• Unfortunately, when running (on linux) in the context of an Apache module (like mod_python, mod_perl, or mod_php), I've found the use of signals and alarms to be disallowed (presumably because they interfere with Apache's own IPC logic). So to achieve the goal of timing out a command I have been forced to write "parent loops" which launch a child process and then sit in a "sleep"y loop watching the clock (and possibly also monitoring output from the child).
    – Peter
    Jul 29, 2011 at 0:54

Here is Alex Martelli's solution as a module with proper process killing. The other approaches do not work because they do not use proc.communicate(). So if you have a process that produces lots of output, it will fill its output buffer and then block until you read something from it.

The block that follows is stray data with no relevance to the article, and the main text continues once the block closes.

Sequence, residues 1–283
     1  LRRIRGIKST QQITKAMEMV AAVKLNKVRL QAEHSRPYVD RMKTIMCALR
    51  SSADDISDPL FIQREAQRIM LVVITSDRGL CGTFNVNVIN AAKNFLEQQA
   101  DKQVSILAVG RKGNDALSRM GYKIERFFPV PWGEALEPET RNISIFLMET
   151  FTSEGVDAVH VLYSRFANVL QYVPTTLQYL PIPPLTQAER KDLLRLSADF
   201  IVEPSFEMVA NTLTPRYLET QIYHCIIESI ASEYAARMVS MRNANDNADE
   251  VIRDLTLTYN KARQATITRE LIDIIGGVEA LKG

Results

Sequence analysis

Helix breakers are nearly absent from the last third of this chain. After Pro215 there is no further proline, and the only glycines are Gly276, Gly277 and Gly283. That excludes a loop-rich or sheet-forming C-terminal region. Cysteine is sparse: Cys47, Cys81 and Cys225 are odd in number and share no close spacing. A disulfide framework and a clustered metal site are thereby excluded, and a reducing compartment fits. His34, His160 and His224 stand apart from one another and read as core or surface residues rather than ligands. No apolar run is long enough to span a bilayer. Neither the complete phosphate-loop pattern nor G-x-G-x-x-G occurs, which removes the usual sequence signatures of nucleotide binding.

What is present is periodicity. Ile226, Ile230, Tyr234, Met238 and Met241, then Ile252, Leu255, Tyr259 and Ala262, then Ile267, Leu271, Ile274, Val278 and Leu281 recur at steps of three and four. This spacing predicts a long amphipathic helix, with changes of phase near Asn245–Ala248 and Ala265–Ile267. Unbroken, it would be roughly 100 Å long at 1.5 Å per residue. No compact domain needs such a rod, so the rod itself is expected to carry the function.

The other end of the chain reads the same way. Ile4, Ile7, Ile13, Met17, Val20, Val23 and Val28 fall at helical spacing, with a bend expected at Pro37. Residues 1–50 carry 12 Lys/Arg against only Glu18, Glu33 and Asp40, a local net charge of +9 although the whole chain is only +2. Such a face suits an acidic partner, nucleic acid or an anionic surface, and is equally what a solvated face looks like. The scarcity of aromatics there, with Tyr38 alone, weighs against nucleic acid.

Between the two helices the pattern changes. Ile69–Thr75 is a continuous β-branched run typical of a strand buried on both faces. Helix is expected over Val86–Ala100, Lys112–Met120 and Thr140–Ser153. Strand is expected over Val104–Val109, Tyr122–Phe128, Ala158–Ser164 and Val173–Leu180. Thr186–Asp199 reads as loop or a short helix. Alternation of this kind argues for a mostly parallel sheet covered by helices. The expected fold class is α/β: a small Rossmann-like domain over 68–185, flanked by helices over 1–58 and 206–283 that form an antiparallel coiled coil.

from os import kill
from signal import alarm, signal, SIGALRM, SIGKILL
from subprocess import PIPE, Popen

def run(args, cwd = None, shell = False, kill_tree = True, timeout = -1, env = None):
    Run a command with a timeout after which it will be forcibly
    class Alarm(Exception):
    def alarm_handler(signum, frame):
        raise Alarm
    p = Popen(args, shell = shell, cwd = cwd, stdout = PIPE, stderr = PIPE, env = env)
    if timeout != -1:
        signal(SIGALRM, alarm_handler)
        stdout, stderr = p.communicate()
        if timeout != -1:
    except Alarm:
        pids = [p.pid]
        if kill_tree:
        for pid in pids:
            # process might have died before getting to this line
            # so wrap to avoid OSError: no such process
                kill(pid, SIGKILL)
            except OSError:
        return -9, '', ''
    return p.returncode, stdout, stderr